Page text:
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Integers and the Coordinate Plane

Finding Your Way on Mars, and in the Milky Way!

Objectives: As astronomers study stars, planets and galaxies, they keep track of their positions in space. For flat systems like our solar system, or traveling over the surface of planets like Mars, a 2-dimensional coordinate plane is useful to identify positions. Students will learn more about NASAís Curiosity roverís travels across Mars by reading a NASA press release. By viewing a NASA eClips video segment, students will reinforce their understanding of rectangular coordinate systems. Students will demonstrate their knowledge of integers and the coordinate plane system by completing several problems.

Mathematics Skill or Topic Area:

Integers and the Coordinate Plane

Next Gen Science Framework: ESS1.B: Earth and the Solar System, PS3.A: Definitions of Energy, ETS1: Engineering Design

Common Core ELA for Science: RST.6-8.2. Determine the central ideas or conclusions of a text; provide an accurate summary of the text distinct from prior knowledge or opinions. RST.6-8.8. Distinguish among facts, reasoned judgment based on research findings, and speculation in a text. RST.6-8.9. Compare and contrast the information gained from experiments, simulations, video, or multimedia sources with that gained from reading a text on the same topic.

Common Core Math Standard: 6.NS.8 Solve real-world and mathematical problems by graphing points in all four quadrants of the coordinate plane. Include use of coordinates and absolute value to find distances between points with the same first coordinate or the same second coordinate.

Video Engagement: Rectangular Coordinate System This NASA eClips video segment students use a number line in a rectangular coordinate system. Identify horizontal and vertical axis lines, quadrants, coordinates, ordered pairs and integers. Example problems help review key concepts. (7 minutes). View Program

Engage your students with a press release:

NASA Rover Finds Old Streambed on Martian Surface

NASA's Curiosity rover mission has found evidence that a stream of water once ran across the area on Mars that the rover is currently exploring.

Scientists made this discovery by carefully studying two outcrops, called "Hottah" and "Link". "Hottah looks like someone jack - hammered a slab of city sidewalk. But it's really a tilted block of an ancient stream bed," said Mars Project Scientist John Grotzinger.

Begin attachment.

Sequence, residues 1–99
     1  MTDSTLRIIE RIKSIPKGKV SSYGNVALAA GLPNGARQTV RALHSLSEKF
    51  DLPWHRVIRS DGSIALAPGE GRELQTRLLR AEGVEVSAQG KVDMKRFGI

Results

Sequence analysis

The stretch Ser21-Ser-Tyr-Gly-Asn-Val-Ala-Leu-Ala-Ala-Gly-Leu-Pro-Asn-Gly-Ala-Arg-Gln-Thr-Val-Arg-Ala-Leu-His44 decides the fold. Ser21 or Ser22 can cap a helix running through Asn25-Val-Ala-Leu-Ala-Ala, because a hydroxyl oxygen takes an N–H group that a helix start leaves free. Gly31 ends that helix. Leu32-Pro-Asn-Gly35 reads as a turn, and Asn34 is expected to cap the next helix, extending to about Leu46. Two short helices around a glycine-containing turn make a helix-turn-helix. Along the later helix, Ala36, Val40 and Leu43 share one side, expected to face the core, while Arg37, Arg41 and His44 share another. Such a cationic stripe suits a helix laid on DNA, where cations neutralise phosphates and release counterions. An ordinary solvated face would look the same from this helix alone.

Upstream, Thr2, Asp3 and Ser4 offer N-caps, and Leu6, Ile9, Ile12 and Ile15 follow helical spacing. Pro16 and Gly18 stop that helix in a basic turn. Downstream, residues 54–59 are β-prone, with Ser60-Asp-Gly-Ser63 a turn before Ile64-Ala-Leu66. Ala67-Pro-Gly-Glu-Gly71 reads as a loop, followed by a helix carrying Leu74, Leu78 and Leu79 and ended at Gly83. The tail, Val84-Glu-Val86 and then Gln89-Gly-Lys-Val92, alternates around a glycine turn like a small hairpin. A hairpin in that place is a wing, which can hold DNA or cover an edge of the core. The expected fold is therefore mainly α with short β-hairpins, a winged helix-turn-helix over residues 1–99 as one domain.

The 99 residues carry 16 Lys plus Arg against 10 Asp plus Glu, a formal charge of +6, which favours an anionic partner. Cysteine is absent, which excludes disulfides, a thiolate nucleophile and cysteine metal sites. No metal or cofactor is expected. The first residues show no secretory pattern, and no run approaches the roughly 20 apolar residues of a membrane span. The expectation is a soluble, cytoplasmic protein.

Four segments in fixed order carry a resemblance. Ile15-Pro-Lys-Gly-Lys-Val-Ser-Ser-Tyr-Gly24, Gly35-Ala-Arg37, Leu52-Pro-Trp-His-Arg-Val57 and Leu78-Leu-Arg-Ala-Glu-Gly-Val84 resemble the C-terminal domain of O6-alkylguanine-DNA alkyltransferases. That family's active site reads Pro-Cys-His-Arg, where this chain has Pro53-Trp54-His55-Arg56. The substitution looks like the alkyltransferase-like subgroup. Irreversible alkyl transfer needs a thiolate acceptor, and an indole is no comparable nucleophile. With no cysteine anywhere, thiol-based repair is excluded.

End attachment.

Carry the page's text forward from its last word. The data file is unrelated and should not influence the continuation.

The data match up with some of the earlier data Curiosity gathered soon after it landed. The rocket exhaust swept away loose gravel near the landing site 40 days earlier. This revealed the first evidence for running water on Mars. This water was actually present many billions of years ago. Today, conditions are much too hostile for running water to exist. Only fossil traces of it can be found in the rocks that Curiosity is studying. The other Mars rovers, Opportunity and Spirit, also found evidence for water on Mars when they discovered minerals called hemetite. These minerals only form when there is lots of water present.

Since it landed, Curiosity has been studying another kind of rock called a conglomerate. These rocks look like small rounded pebbles held together by a different kind of rock. This is just the way that ordinary cement on Earth holds gravel together. The gravels found at both Hottah and Link range in size from a grain of sand to a golf ball. As on Earth, rounded rocks mean that the rock has been eroded by wind or water action. Large rounded rocks cannot be blown around by wind. They are much too heavy. That means they need something like water or even glacial ice to push them around.

The science team will also be using Curiosity to learn much more about the material that holds the rocks together. This could tell the scientists more about the wet environment that formed these deposits.

Press release date line - September 27, 2012

Press release location: [ Click Here ]

Explore math connections with

SpaceMath@NASA

Problem I - Guess this Constellation! - For thousands of years astronomers have plotted the locations of the stars in the sky so that they can keep track of new events that happen, like the slow movement of a planet across the sky, or even an exploding star that suddenly appears. Only a few hundred bright stars can be seen with the naked eye looking from homes in a city. Traveling into the country, with its dark skies, increases the numbers of stars visible to the naked eye. In this problem students will graph the positions of several stars to form a star map, and identify the constellation! [Open PDF ]

Problem II - Following the Curiosity Rover on Mars - The Curiosity Rover is traveling across the surface of Mars, stopping during the martian night to conserve energy. These stops are called Way Stations. Students will record the location of a series of Way Stations as ordered pairs in this problem.. Open PDF

Explain your thinking:

Write your own problem - Using information found in the Math Connection problems, the press release or the video program, create your own math problem. Explain why you set the problem up this way, and how you might find its answer.

Evaluate your understanding:

Challenge Problem - Our Place in the Milky Way - In this problem students will locate some famous nebulae in the Milky Way by comparing their coordinates with the locations of nearby spiral arms. Astronomers have been able to discover that there are 4 separate spiral arms in the Milky Way. Our galaxy is shaped very much like a gigantic pinwheel! The shape is more clearly defined as more objects are plotted. Open PDF

 

NASA / JPL

3-D Solar System

Extend your new knowledge - Explore different coordinate systems in the solar system. [ Open PDF ]